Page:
2. Measuring code quality early on – Using code scanning tools and peer reviews, code quality can be measured early on to prevent the rise of technical growth debts. 

Develop an Agile Team

Agile culture provides a systemized way of making things more streamlined and collaborative within a software development production environment. It not only enhances the core processes, it also ignites strong synergy between the staff.

3 Principal Goals of a Software Development Team

Successful software development is possible through internal and external collaboration, a skilled and talented team, and most importantly, careful planning. Mapping out the ways to achieve the desired goals requires a solid structure that only competent and efficient associates can deliver. The key members of a team should work hand in hand for software development projects to move forward.

Engineers and developers are the two main professionals in a software development team. With their programming and engineering languages expertise, they will be the pillars in building a software product. Above all, the team needs experienced developers to ensure that the product is user-friendly and cost-effective.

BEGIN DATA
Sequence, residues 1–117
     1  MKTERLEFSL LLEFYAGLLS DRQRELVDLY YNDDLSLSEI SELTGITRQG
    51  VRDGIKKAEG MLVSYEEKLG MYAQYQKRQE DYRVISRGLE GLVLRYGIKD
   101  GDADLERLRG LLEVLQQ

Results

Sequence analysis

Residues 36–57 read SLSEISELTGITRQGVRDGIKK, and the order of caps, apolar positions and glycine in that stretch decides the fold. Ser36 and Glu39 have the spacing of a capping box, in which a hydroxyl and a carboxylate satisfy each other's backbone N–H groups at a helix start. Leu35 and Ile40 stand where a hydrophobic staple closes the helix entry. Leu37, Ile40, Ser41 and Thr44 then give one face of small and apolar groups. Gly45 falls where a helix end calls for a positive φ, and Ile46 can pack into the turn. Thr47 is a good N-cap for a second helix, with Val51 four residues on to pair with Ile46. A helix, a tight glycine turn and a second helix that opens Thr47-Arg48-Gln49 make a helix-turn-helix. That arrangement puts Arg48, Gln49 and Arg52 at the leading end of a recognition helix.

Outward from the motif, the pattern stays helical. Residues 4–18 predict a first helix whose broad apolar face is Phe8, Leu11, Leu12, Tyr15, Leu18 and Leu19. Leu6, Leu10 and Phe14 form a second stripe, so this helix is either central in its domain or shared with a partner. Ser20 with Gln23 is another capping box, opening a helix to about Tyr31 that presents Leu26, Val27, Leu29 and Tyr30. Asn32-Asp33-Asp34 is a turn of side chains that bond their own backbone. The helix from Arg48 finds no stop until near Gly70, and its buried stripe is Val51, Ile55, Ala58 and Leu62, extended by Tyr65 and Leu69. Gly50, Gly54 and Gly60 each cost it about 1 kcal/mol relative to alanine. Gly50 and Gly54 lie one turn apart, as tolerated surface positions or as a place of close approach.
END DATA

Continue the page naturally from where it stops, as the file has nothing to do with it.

To reach software development goals, a team needs staff like product designers, project managers, and business analysts. Product designers guarantee the product’s success; the project manager ensures that the team is motivated, highly performing, and follows standards; and the business analyst helps the team avoid product failures.

If the team and structure are already settled, it’s about time to start figuring out a software development project’s goals. A team could envision a long list of targets, but there are 3 principal goals you should focus on to achieve the software development company’s priorities.

1.   Maintain outstanding quality

Every project follows a timeframe to see results in a limited period, but this should not cause the team to accelerate to a point where they start sacrificing quality for speed.. If the worst-case scenario happens, the team will have to deal with technical debts rather than focusing on the development course. The best way to fight thiss is to set a firm quality standard before moving on to the actual process.

Software products must be safeguarded with the following fundamentals:

  1. Code Reviews – Complex codes are customary in developing software. The developers run automated code reviews to calculate code quality. It is a significant routine that aims to block problems and software maintenance issues that the team may encounter later on.
  2. Continuous testing – The team should initiate continuous testing to be able to spot any potential risks and make adjustments while it is early.